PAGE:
WW At Home - New to WW and gone vegetarian, I think I finally found success

03-21-2010, 01:09 PM
Thought I'd pop my head in here for a bit to say hay...I'm not new to 3FC, but am fairly new to WW. Have joined with the online method, have been on it a month and just succeeded in losing five pounds.

Struggled with WW the first two weeks. I was totally going over on points, mostly through eating too much meat. I had been seriously curbing the carbs because I'm type 2 diabetic managing with diet and exercise only. I was eating the extra protein because I was still so hungry, and subsequently going over daily points alotments by 10 points on average. First week I lost half a pound, second week nothing, third week nothing...

Then I saw a show on PBS about controling diabetes through a vegan diet, so I thought I'd try it. It meant I had to increase carbs, but I made sure it was all low GI carbs with lots of fiber. I read a good book on becoming vegetarian, found some products to help me get protein, ate a lot more beans and veggies, and in one week, lost 4.5 lbs.

The big victory for me was finally being able to stick with my points allotment. So much easier to do that when I'm filling up with beans, whole grains and extra fiber. Switching to higher carb intake took me a couple of days to adjust. The first day I experienced a sugar rush because I still ate way too many carbs at one sitting. It messed up my whole day. The next day I learned I still need protein first thing in the morning, so I had an egg white mushroom omelet. Then later, at mid-morning snack time, I could have my bowl of fiber cereal with rice milk.

My toughest times with the points are in the late afternoons/evenings. But eating a hearty protein/low GI/high fiber lunch keeps me going through the afternoons, and in the evening, all I want is a nice multi-textured salad. This week I've been eating baby arugula, spinach and baby mixed greens. Last night, I had a big bowl of it, with olive oil and lemon juice, Greek oregano and avocado. So satisfying that I didn't want anything else.

At first I craved meat, a lot! But after a week of white-knuckling through my cravings, yesterday I caved and had a single slice of hard salami and promptly got a bad stomach ache and felt a little nauseous. No need to go there again!

I've been satiating my lust for meat with a product line by Quorn. It's a soy-free meat substitute and it's really quite good. Very good with the points, way lower in fat than even chicken breast, mild meaty flavor and good texture. I made Quorn tenders and asparagus stirfry for dinner the other night and my kids loved it. And they are meat-loving teenage boys, so that's saying something.

With all my success this week, I'm still hesitant with getting excited about it all. I originally lost 48 lbs by cutting out all processed foods and refined carbs, but in the last two years I hit the mother of all plateaus, then proceeded to gain and lose the same 20 pounds. Now I'm down by 5, and I don't think I'll be at peace with my success until I get back down to my all-time low and muscle past that. The day I break 300 lbs I will breath a huge sigh of relief and accept my success with joy.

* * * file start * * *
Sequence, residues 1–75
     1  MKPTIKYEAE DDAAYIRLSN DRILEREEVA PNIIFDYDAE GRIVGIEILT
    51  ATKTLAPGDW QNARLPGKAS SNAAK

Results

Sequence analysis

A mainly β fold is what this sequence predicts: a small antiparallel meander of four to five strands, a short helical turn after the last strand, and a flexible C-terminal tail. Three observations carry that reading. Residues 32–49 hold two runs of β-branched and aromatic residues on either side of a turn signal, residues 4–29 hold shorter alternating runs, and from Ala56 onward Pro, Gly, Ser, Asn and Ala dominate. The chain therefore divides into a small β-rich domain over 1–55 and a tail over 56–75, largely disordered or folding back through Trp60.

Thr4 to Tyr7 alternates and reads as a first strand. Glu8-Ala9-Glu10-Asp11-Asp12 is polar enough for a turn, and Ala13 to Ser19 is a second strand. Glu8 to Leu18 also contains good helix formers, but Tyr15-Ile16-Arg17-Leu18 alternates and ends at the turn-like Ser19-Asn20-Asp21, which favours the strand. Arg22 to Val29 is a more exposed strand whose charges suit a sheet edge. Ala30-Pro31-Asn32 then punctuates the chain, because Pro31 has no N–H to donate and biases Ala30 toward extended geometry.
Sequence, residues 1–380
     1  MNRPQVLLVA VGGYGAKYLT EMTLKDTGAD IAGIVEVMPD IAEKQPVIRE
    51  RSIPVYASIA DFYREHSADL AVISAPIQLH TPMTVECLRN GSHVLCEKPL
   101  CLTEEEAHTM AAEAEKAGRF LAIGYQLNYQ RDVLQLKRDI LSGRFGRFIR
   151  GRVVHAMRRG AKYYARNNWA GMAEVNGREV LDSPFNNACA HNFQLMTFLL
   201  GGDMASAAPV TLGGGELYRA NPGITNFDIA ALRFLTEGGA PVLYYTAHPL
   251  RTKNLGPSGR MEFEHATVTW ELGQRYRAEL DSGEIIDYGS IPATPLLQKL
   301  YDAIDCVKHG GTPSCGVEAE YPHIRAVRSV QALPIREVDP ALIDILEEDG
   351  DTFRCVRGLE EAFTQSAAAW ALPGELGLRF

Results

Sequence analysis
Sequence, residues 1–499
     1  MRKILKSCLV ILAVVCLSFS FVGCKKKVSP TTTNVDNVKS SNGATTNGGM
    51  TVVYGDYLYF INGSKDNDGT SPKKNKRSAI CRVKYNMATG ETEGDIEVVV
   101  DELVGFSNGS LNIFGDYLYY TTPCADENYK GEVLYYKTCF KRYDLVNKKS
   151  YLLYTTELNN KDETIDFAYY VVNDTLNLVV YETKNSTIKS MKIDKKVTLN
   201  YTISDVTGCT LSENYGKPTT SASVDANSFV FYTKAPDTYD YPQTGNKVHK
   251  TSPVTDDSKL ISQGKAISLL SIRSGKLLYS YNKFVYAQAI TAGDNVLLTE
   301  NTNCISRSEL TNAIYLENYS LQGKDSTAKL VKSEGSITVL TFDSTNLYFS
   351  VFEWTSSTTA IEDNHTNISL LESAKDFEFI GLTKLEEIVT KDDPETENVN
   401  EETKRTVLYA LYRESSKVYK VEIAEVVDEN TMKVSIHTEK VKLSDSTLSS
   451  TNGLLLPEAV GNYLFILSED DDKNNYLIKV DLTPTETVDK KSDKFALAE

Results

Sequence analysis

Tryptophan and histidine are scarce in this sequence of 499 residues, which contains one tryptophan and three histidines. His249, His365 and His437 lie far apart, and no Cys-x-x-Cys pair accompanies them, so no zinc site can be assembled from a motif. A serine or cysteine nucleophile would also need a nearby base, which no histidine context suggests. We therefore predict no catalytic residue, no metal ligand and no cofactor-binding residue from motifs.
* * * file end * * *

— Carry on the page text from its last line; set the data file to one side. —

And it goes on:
03-21-2010, 01:47 PM
Sounds like you might have found the right combination that works for you. I would love to do more vegetarian dishes but I am not an adventurous eater. I do try to keep my carbs as high fiber ones and do not eat much red meat most weeks.

03-21-2010, 02:13 PM
Not an adventurous eater...I like that Sheena! I was raised on a non-traditional American diet because after my parents immigrated to California from Greece, they never ventured toward the typical American food products, so I grew up free from Campbell's soups and Kraft foods, and even General Mills cereals, even though there was a plant practically in my backyard and I smelled Cheerios almost everyday of my childhood. It wasn't until my 20s when I moved away from home and was slowly introduced to that stuff, and then started gaining weight.

I'm fortunate to live in California where the vegetarian lifestyle is really supported. I don't know what that's like in middle America. I see you're from Arkansas. I've been there a few times. I never went into the supermarket when I was there, but I do recall lots and lots and LOTS of batter-fried food at my ex-husband's family reunions.

I don't go way out there with cooking. I like to keep things simple. I'm eating a lot of lentils, black-eyed peas, split peas, etc. I combine that with brown rice, quinoa and whole-grain couscous. And there's always good salads on my table, with lots of leafy greens.

Since I moved back to California, I get to enjoy my mother's garden more, with home grown tomatoes and cucumbers, dandelion and amaranth greens (boiled greens are a big deal at the Greek dinner table), and lots of okra. (Never, ever liked that, except in Arkansas when it was batter fried!) We have really creative farmers' markets here, and my favorite one is the Asian market. That's were I've become adventurous with the veggies.

Never met a veggie I didn't like...except when my mom cooked her okra. I think she went out of her way to make it taste like something slimey. Makes me gag just thinking about it!